Dean's Newsletter

Volume 11, Issue 4

A Newsletter for Faculty & Staff in the
College of Liberal Arts and Social Sciences

Volume 11, Issue 4

Reflecting on the ups and downs of university budgets at the last CLASS faculty meeting, I recalled the passage from the Book of Genesis where Joseph interprets Pharaoh’s dream, which prophesied seven years of feast followed by seven years of famine for Egypt. My experience as dean has taught me that university budget cycles tend to be like that: times of relative plenty are followed by times of budget constraints, which, in turn, give way to new periods of renewed resources. And so, after several years of relative plenty, we at CSU are now once again in a time of, if not famine, at least belt-tightening. It started in the fall when the university was unable to return all the college’s carry-forward from last year, and it will continue into the next year.

Part of this situation flows from several years of no tuition increases, and part flows from recent university enrollments that fell below our budgeted targets. In addition, if the governor’s budget is passed, CSU is facing not only two more years of flat tuition rates but also levels of state funding that, in the next biennium, will almost be flat.

As a result, the university has just enacted expenditure controls, which will constrain our spending for the rest of the fiscal year in order to address our budget shortfall. Although we are allowed to continue current faculty searches, hiring for staff has been frozen—no new staff searches will be allowed without a special exemption. In addition, the university is taking back 10% out of many (but not all) non-salary budget lines. The cuts will be inconvenient, but they will not be seriously harmful to the college. AAUP faculty travel monies, scholarship lines, summer undergraduate research awards, cost share accounts, FSI and FRD awards will not, for example, be cut.

For now, the only way to relieve some of the financial pressure is to recruit more and retain more CSU students. Although most of us are not directly involved with recruiting, we can have a direct impact on retention by redoubling our efforts in support of student success. For those of you who do not yet use the Starfish system to alert advisors about struggling students in your classes, learning about and using that software might be the best first step you can take in helping us in our retention efforts.

I am happy that I can also report some good news about resources. Last December I wrote to you about the importance of global education for CLASS students. One of the big hurdles our students face is, of course, the challenge of paying for study abroad. In the past, we have used various scholarship funds to help subsidize student travel to one of the summer programs offered by the Department of World Languages, Literatures, and Cultures. But today we have yet another resource to help finance this “high impact” educational practice for our students. Alumnus Bill Roberts (B.A. 1969; M.A. 1978) has just given a $52,500 gift to CLASS, which will create the William H. Roberts Study Abroad Scholarship fund. This is not an endowment, and it will allow us to award a scholarship of $10,000 to one student each year for five years to fund semester-long or year-long study abroad opportunities, particularly those in the United Kingdom or Northern Ireland. The first of these will be awarded for the 2017-2018 academic year, and application details will soon be available on our CLASS Scholarships page: The remaining $2,500 will be used to help subsidize students who are traveling this summer for our study-abroad program in Grenada, Spain.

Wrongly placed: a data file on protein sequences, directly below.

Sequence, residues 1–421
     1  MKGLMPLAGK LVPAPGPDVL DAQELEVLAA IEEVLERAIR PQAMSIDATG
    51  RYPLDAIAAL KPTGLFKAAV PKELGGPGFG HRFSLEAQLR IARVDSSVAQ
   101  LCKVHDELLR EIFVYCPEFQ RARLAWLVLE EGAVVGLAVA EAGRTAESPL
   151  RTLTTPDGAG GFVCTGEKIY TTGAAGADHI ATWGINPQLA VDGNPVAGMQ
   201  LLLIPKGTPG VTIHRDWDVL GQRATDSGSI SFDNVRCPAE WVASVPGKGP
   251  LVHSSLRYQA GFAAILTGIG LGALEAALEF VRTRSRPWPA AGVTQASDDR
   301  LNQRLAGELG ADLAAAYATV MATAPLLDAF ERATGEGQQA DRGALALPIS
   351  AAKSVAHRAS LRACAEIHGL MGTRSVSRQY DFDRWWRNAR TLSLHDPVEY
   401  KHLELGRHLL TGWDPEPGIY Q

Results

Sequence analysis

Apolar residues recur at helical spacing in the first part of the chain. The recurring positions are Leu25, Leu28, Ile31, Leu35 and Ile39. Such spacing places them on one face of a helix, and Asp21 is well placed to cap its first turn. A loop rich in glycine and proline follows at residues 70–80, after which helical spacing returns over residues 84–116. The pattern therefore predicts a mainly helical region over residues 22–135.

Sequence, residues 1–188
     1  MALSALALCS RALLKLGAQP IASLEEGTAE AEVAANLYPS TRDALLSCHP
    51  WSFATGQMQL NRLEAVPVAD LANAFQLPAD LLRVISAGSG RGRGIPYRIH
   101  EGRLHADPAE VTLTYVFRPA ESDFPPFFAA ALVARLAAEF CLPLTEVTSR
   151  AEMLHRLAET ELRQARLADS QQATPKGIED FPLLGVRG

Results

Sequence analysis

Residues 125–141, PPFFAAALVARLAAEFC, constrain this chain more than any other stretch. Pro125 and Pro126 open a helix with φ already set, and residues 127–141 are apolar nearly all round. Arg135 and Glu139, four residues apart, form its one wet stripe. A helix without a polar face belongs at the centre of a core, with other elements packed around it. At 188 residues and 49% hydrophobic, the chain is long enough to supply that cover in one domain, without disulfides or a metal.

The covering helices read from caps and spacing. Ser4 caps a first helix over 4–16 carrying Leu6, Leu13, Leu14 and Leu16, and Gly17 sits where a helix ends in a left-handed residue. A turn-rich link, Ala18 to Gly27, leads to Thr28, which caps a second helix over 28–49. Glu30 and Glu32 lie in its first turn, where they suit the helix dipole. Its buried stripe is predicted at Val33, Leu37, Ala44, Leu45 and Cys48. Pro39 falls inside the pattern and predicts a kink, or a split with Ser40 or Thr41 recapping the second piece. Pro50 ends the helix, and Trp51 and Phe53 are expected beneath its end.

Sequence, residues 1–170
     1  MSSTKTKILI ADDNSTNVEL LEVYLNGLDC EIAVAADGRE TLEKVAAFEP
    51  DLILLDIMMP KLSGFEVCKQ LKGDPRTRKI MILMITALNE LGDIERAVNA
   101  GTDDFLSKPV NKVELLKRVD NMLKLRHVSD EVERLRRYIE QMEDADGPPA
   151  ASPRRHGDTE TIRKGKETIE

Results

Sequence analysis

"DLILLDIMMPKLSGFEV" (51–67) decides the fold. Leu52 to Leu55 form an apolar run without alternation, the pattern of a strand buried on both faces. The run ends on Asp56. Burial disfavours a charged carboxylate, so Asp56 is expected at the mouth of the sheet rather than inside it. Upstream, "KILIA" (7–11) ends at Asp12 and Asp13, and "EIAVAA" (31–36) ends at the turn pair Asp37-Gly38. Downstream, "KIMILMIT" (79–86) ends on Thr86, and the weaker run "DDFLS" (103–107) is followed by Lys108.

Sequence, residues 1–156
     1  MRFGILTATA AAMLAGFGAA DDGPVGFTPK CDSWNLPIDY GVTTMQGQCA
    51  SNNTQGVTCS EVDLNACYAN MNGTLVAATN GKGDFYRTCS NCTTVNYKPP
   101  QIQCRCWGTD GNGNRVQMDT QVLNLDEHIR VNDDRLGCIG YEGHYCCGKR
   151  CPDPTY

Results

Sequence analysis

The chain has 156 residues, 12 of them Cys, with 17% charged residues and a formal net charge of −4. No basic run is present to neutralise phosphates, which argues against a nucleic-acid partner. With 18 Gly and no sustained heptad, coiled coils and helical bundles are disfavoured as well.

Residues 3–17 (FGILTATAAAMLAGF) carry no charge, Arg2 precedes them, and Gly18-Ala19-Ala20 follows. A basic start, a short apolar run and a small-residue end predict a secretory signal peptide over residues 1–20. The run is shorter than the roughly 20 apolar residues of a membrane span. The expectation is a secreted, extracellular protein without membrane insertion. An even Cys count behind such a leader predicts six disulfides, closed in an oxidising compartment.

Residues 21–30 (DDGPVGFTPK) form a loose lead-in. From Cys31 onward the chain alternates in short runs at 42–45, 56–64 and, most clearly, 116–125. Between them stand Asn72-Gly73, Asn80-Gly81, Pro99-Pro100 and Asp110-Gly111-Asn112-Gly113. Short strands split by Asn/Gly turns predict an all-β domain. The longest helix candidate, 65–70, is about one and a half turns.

As with all our donors, we are very grateful to Mr. Roberts for his extraordinary generosity to the college and its students.

On another topic, the Michael Schwartz Library has reported that CLASS scholars on our website “EngagedScholarship@CSU” were recently some of the most popular authors on the national “Arts and Humanities Commons.” We excelled in the areas of Oral History; Race, Ethnicity, and Post-Colonial Studies; and Spanish Linguistics. In particular, I would like to congratulate Antonio Medina-Rivera, Mark Souther, Erin Bell, and Adrienne Gosselin for their publications that helped make this possible.

In addition, I note that several of our faculty have recently received significant grants.  Cyleste Collins, for example, was awarded a $10,400 grant from Case Western Reserve University for a project entitled “Partnering for Family Success Process Evaluation.”  Cathleen Lewandowski received a $49,000 grant from Bellefaire, among the nation’s largest child service agencies. Finally, Cigdem Slankard was awarded a $7,000 grant from the Cleveland Foundation for her project “The Dream Neighborhood Documentary Project.”

Lounge1I conclude by sharing with you that CLASS has been recognized with a 2017 Silver ADDY Award by the Cleveland Chapter of the American Advertising Federation. The award recognizes our work in the creation of the CLASS Edge Lounge in Main Classroom, which promotes liberal education in general and degree programs in CLASS in particular. Because we were recognized at the silver level, our project will advance to the district level competitions. This was truly a team accomplishment, and I would like to thank the following people who helped make the Lounge possible: Hilary Demko, David Roll, Stephanie Harper, Evan Lieberman, Eric Yates (Moody Nolan Architects), Tim Dardy (Wojcik Builders), and our own Communications Coordinator, Lesley Lang. Good work, team!


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